With his track record as a member of the political arm of a banned terrorist organisation, Mian Shahzib is unlikely to ever be given a visa to enter Britain. But that does not stop the jovial 33-year-old from giving British children religious instruction every day from the comfort of his home in Pakistan. He spends hours each night sitting under a fluorescent light in the courtyard of a small mosque in Lahore, peering into a laptop as children first from the Middle East, then Europe and North America spend half an hour after school talking to him over a faltering Skype line. The fact that a hardcore Islamist and long-term follower of the UN-proscribed Jamaat-ud-Dawa (JuD) has daily access to children in the west is likely to fuel concerns about religious radicals spreading their message. The organisation is on the UN’s list of sanctioned organisations because of its alleged association with al-Qaida and is considered a front for Lashkar-e-Taiba, the group behind the 2008 terrorist attacks on Mumbai.
Shahzib’s website, Easy Qur’an Memorising, makes no mention of his history and is one of hundreds of such online companies, some of which advertise on satellite channels broadcasting to the Pakistani diaspora. They are part of a little-known outsourcing boom fuelled by parents of Pakistani origin turning to Qur’an teachers in Pakistan.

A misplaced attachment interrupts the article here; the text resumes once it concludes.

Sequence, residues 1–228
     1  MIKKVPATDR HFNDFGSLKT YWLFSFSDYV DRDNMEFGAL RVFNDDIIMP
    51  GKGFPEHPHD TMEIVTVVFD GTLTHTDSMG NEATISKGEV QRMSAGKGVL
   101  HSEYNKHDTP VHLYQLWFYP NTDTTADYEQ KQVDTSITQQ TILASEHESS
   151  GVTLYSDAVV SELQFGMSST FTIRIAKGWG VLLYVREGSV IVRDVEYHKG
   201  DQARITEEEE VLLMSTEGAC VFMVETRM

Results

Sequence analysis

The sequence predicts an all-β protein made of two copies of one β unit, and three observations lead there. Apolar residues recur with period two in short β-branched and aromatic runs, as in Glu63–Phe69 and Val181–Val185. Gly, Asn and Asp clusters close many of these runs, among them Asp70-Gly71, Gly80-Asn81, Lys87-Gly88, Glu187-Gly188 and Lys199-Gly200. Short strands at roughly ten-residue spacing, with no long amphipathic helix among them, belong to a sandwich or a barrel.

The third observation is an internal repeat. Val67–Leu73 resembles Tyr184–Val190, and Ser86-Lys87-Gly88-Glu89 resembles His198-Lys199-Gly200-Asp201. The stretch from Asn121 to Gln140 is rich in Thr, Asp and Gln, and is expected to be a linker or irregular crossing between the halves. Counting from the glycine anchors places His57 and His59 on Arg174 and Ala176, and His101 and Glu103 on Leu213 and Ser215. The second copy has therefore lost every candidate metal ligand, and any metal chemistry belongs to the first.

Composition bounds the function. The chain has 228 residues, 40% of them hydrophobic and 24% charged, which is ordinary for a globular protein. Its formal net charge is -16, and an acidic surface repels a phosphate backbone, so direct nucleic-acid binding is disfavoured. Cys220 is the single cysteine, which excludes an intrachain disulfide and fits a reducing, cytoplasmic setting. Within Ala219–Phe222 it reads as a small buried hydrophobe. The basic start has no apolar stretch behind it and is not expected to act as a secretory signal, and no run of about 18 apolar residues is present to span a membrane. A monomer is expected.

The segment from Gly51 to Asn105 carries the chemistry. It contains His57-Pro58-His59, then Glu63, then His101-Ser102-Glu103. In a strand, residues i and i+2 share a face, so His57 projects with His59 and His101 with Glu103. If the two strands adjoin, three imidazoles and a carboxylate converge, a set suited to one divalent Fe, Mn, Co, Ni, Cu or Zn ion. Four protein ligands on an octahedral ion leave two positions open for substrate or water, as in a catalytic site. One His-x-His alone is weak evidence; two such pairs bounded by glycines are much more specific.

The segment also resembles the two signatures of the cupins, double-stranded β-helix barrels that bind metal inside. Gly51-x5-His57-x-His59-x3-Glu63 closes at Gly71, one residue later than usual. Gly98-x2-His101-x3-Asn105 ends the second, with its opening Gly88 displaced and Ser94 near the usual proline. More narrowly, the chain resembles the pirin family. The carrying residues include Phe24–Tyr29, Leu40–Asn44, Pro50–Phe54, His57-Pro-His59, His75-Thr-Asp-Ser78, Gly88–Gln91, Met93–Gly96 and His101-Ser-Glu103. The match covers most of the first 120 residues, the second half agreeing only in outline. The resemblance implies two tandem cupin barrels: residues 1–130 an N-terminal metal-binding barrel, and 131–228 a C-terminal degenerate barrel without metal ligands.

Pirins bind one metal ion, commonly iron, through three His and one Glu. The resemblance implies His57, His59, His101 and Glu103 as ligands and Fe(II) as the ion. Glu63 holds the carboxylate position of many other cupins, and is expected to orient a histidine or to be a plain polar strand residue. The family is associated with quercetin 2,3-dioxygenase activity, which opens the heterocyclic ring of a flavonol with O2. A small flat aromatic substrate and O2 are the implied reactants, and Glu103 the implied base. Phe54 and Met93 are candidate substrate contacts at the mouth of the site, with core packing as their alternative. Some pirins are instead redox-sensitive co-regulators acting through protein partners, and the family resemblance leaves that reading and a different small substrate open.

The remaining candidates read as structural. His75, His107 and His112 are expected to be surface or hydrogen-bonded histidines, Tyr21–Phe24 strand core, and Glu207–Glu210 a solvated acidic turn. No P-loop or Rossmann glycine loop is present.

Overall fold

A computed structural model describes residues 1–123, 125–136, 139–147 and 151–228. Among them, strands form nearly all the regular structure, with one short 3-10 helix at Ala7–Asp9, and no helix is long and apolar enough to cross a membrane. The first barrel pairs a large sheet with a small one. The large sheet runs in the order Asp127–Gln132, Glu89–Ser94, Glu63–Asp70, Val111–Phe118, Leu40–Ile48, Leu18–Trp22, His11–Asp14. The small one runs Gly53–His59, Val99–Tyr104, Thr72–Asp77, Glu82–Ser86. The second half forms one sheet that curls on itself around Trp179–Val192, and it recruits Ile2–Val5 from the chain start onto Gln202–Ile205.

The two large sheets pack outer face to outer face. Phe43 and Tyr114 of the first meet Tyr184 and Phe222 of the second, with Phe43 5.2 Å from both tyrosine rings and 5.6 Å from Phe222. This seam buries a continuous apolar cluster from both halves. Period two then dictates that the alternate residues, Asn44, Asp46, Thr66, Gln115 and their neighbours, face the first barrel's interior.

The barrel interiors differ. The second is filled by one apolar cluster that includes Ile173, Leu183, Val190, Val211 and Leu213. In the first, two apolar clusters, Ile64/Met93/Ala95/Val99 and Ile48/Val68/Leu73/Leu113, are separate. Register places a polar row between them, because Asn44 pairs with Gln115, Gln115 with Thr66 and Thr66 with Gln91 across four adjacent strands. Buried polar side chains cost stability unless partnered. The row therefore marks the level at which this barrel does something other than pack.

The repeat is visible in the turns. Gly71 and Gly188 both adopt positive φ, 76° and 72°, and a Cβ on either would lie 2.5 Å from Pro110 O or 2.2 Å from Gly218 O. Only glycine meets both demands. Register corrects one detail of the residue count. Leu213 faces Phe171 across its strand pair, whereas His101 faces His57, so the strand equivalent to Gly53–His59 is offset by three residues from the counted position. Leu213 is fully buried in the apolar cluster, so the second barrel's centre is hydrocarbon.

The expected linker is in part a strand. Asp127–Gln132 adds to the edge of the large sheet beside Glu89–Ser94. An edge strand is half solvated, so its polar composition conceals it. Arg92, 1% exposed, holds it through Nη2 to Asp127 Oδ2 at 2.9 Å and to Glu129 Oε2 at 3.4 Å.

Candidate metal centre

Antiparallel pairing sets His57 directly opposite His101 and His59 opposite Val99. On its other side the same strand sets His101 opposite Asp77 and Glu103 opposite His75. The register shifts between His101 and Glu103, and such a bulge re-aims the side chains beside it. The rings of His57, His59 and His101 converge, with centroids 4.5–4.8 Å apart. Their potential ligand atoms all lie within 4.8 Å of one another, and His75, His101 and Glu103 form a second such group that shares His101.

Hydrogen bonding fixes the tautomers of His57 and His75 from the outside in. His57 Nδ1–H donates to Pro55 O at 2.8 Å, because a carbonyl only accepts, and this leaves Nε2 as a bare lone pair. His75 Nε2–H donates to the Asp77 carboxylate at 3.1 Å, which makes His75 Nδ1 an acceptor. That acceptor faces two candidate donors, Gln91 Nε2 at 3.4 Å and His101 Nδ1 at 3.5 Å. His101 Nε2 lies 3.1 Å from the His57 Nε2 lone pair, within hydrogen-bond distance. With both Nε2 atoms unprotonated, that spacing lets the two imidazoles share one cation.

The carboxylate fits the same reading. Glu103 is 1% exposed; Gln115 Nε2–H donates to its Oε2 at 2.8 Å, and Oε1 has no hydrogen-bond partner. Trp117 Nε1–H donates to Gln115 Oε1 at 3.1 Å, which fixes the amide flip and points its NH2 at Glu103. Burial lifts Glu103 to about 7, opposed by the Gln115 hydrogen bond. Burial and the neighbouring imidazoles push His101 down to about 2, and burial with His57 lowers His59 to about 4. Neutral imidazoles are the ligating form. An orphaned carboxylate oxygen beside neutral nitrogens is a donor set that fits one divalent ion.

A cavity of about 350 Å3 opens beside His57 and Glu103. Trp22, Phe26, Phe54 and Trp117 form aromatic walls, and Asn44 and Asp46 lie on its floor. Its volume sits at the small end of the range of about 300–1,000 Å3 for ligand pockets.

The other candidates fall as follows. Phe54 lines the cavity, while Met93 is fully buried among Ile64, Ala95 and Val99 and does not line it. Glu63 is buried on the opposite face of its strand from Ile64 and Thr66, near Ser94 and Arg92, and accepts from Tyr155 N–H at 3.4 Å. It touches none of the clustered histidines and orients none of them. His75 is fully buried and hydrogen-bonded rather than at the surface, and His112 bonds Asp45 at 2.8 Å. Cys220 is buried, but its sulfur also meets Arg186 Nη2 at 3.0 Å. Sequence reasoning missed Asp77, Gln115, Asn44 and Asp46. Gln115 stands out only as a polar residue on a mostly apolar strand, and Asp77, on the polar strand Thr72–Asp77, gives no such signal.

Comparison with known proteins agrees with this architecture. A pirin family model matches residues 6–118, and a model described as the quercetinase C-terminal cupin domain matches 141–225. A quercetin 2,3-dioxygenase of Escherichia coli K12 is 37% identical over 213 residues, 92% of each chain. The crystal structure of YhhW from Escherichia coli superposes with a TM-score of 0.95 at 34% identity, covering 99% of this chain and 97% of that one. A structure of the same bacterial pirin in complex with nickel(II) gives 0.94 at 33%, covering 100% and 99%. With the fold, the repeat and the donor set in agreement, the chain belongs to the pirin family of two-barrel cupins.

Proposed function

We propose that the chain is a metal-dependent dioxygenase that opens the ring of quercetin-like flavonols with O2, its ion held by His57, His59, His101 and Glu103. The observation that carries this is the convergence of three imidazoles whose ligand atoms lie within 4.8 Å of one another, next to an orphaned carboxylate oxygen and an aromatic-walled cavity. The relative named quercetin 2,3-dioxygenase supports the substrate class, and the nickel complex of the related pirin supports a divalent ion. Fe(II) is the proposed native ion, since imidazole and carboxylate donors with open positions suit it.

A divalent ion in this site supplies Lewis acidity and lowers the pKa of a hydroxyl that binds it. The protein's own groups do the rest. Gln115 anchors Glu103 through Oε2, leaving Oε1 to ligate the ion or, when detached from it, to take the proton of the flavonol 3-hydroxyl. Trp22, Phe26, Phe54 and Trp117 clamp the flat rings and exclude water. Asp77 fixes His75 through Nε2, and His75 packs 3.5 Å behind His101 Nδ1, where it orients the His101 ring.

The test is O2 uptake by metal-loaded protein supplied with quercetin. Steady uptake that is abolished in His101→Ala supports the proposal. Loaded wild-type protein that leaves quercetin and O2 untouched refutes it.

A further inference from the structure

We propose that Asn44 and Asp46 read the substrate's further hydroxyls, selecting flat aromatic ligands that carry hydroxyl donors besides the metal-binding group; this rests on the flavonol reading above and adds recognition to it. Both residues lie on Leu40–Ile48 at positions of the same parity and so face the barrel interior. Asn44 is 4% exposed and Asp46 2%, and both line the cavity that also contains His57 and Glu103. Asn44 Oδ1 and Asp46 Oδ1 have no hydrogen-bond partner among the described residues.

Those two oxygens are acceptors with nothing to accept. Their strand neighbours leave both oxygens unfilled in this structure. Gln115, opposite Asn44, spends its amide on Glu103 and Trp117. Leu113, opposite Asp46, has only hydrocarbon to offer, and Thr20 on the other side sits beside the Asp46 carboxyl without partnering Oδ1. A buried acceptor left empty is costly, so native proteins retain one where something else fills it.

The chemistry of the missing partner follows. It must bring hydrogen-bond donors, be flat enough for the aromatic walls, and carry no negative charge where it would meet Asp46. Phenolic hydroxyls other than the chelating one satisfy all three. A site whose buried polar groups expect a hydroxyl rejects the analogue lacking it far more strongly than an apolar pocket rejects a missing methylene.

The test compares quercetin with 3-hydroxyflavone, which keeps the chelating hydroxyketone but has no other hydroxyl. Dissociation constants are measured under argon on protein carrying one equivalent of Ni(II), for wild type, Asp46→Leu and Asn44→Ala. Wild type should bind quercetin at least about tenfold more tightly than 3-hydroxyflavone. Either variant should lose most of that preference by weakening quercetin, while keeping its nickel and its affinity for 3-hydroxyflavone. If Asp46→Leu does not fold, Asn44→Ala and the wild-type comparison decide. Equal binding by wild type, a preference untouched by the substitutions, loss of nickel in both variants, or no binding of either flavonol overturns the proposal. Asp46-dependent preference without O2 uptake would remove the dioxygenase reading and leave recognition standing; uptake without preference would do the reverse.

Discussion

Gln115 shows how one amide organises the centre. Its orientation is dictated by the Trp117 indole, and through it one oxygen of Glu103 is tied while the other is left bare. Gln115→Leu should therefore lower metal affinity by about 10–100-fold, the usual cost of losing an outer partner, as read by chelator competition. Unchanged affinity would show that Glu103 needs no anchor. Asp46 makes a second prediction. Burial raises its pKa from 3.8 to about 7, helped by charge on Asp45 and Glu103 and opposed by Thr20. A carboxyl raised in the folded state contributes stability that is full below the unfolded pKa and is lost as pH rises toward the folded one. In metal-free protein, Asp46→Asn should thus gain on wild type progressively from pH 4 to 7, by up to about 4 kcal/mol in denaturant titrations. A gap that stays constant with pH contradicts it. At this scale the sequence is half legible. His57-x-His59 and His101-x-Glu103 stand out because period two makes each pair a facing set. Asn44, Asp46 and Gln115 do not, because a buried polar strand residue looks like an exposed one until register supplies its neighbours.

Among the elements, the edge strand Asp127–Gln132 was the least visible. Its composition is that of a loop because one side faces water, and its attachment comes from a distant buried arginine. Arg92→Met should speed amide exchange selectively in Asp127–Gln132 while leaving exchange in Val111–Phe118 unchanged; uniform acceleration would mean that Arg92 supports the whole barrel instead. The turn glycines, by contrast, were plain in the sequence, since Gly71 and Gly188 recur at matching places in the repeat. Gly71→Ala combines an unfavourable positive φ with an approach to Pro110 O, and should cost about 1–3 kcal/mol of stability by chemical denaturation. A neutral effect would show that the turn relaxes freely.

The Guardian was told of other online tutors with radical backgrounds or who are members of extreme or sectarian organisations, but it is impossible to know how widespread the phenomenon is in a completely unregulated industry.
Sultan Chaudri, the owner of Faiz-e-Quran, said his company is at pains to scrutinise all 13 teachers who work for him to ensure radicals are not employed. “All the problems we are seeing in Pakistan and Afghanistan is because these young children get sent to madrasas where no one knows what sort of education they are getting or what kind of indoctrination is taking place.” Outsourced Qur’an teaching started about six years ago and there are now a handful of big players. Although there are no reliable figures on how many children around the world are being taught by Pakistan-based teachers everyone seems to think it is growing fast.